Of all the Apache warriors none was more feared than Geronimo. He and his band of Indian outlaws raced through the frontier settlements of Arizona, torturing, killing and burning.Their war whoops made the nights hideous. The cry of "Geronimo!" became the most terrifying sound in the whole Southwest.
"You will be a great chief," Geronimo's mother had told him. "You will be the wolf of the Apache warpath. You will fight this white wolf pack that comes down to kill your people and steal their household—and you will kill, kill, kill!"
The child learned his lesson well. He gained great cunning in his training as a scout. He mastered the arts of ambush, lightning attack and quick escape. He proved himself with bow and arrow, spear and knife. But he failed to earn the respect and friendship of the other Indian warriors. It was the Apaches themselves who offered to track down and capture the bloodthirsty renegade and his band of outcasts who had dared plot against the great chiefs Cochise and Mangas Coloradas.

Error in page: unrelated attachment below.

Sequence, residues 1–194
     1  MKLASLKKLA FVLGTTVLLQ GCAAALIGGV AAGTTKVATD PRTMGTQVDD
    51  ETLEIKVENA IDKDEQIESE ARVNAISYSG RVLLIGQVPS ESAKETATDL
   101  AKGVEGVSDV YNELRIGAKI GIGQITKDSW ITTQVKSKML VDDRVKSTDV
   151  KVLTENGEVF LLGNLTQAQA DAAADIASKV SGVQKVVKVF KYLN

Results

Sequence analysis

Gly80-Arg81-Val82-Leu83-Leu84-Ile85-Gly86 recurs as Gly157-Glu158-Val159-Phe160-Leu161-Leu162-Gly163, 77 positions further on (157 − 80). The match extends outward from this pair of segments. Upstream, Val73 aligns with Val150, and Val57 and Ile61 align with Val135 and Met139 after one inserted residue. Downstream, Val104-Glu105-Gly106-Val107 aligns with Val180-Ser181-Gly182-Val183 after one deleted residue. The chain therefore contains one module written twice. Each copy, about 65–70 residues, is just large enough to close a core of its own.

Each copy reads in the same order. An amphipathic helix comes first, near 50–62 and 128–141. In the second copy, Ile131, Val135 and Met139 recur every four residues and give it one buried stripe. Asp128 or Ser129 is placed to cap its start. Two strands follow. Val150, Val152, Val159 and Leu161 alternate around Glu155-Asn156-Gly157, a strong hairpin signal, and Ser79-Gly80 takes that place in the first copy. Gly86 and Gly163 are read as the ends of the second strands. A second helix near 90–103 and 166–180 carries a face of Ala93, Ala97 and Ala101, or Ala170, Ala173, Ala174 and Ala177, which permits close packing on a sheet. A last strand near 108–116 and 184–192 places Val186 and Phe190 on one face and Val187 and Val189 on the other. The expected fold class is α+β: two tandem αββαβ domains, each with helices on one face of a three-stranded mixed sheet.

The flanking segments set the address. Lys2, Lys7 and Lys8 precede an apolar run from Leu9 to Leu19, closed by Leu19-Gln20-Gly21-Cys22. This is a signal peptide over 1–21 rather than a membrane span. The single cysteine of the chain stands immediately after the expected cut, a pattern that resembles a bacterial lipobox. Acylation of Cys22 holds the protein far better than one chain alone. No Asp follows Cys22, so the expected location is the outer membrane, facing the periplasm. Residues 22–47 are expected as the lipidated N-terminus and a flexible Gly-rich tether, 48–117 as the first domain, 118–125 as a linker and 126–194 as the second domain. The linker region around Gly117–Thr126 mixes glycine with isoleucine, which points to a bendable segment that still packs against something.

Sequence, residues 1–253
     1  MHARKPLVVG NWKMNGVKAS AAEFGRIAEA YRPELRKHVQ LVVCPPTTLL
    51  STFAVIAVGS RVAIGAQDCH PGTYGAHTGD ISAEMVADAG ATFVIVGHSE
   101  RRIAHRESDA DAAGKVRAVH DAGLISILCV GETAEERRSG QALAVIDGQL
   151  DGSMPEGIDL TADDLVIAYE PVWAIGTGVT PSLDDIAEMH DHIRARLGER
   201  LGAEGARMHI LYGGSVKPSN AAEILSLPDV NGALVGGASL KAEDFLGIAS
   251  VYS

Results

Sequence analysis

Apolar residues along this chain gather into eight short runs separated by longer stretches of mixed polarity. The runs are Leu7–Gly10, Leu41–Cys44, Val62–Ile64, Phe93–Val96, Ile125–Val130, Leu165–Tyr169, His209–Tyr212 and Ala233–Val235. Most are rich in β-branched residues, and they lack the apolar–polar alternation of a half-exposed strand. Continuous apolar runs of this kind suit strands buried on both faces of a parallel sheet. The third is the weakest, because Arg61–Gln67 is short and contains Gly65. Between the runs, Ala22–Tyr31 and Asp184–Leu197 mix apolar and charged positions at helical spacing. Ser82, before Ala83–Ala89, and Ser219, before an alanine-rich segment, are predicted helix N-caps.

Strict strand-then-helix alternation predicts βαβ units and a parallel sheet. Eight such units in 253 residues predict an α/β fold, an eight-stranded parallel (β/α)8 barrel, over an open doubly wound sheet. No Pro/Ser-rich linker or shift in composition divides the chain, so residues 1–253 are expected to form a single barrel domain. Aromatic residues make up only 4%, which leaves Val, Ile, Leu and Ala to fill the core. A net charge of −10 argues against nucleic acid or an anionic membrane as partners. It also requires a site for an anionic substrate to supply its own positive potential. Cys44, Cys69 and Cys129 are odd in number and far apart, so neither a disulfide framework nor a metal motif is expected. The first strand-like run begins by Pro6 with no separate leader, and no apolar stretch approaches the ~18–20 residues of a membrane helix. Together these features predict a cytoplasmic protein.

While Geronimo cannot be honored as a hero, he is a landmark in American history. He will long be remembered as the last Indian leader who tried, through warfare, to turn back the tide of white civilization.
From the dust jacket
The name still sends shivers down the spine and has the power to draw in young readers: Geronimo, the legendary Indian who inspired and fought for his people. But who was this man, really? Here is the riveting tale of the last Apache warrior —told by the author of the bestselling Little Britches. Born in 1829 and steeped in the skills and stoicism valued by his tribe, Geronimo was transformed into a feared and respected renegade after witnessing the brutal slaughter of his family. Ultimately he spent more than 25 years eluding the U.S. Army, which sent 5,000 soldiers to hunt him down.
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